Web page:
This unit is deployed at the Air National Guard to explore and exploit its capabilities in dealing with contingency operations. Col. Clark explains that the Guard can use Eagle Vision while responding to situations such as forest fires, earthquakes, storms and other disasters. Federal and state government officials can exploit the system’s multispectral remote sensing to track fires and flooding, for example.
Eagle Vision IV’s forte is in communicating its imagery. Communications experts at McEntire Air National Guard Base are examining issues such as packet switching and data compression for moving large data files across different media with varying bandwidth. Currently, Eagle Vision brings its own indigenous communications system when it deploys.
Another improvement that defines Eagle Vision IV is its smaller size. The downlink element has been shrunk from a van-sized unit to a box that can be mounted on the back of a high mobility multipurpose wheeled vehicle (HMMWV).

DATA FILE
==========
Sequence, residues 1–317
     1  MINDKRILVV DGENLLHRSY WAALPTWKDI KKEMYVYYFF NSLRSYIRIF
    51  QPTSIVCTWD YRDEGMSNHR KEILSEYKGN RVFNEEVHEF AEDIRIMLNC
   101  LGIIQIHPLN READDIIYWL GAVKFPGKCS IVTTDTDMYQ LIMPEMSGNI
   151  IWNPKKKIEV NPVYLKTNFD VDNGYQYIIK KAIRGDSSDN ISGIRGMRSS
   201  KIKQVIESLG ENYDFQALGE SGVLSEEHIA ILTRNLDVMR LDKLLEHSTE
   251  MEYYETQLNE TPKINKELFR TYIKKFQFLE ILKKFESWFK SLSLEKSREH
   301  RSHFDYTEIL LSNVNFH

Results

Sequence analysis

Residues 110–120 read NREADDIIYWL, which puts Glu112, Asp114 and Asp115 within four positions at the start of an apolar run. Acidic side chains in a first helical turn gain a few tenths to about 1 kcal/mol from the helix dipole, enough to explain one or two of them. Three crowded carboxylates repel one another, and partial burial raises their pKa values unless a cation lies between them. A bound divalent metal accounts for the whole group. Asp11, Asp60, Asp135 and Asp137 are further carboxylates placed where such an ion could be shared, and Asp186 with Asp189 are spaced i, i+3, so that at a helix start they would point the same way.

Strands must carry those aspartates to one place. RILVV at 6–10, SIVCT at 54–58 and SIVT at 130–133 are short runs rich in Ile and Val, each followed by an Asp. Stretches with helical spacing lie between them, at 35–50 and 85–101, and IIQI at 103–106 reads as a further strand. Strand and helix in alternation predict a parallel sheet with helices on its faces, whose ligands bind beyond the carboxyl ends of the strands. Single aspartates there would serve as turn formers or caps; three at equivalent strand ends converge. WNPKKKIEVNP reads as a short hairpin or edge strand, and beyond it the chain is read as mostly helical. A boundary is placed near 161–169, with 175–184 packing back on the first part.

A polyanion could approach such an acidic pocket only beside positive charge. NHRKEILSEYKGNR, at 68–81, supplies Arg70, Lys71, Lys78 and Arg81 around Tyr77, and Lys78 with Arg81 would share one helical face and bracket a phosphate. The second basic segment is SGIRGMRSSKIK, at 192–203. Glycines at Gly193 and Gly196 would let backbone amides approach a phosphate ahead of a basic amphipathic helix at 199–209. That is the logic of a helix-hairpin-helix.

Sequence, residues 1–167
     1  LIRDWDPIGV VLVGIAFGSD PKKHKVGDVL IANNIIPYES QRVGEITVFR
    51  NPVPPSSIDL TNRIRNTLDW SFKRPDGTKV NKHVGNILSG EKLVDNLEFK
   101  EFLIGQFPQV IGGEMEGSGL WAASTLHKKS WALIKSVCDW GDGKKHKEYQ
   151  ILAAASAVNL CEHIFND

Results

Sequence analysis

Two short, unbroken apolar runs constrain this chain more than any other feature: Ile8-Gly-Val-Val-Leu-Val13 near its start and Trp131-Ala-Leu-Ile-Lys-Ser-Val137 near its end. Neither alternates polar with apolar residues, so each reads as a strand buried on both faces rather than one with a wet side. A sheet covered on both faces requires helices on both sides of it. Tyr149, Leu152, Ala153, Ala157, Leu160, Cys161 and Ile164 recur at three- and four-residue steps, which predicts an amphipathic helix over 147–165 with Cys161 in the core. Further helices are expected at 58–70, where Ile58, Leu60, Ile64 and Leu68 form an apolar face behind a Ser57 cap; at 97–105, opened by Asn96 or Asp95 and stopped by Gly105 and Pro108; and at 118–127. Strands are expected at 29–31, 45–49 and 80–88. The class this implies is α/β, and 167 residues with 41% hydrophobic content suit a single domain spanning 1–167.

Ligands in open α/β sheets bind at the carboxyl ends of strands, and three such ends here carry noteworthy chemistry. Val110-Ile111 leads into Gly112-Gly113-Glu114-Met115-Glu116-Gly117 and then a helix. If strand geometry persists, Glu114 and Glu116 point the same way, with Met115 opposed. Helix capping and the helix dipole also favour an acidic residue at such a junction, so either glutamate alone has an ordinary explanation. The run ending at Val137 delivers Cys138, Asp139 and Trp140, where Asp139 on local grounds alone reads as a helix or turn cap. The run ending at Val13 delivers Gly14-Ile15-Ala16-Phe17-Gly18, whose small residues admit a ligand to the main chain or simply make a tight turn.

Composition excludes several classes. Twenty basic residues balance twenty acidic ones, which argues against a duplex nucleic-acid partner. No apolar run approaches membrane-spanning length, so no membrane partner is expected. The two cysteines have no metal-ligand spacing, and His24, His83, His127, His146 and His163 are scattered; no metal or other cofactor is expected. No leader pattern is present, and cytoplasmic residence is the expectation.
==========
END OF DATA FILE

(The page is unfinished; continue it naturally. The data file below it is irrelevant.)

The original Eagle Vision system processed Landsat, Spot and Radarsat data. However, as more national technical assets and commercial platforms entered the picture, planners needed the capability to integrate these different types of data into a product that can be incorporated into a mission planning system.
This requirement led to Joint Eagle, an experiment aimed at combining U.S. and commercial satellite data into the NIMA standard format for exploitation in mission planning. This version, which incorporated the national imagery processing workstation from National Eagle, was deployed just prior to the Kosovo operation from its home site at Ramstein Air Base to the Joint Analysis Center at Royal Air Force (RAF) Molesworth in the United Kingdom.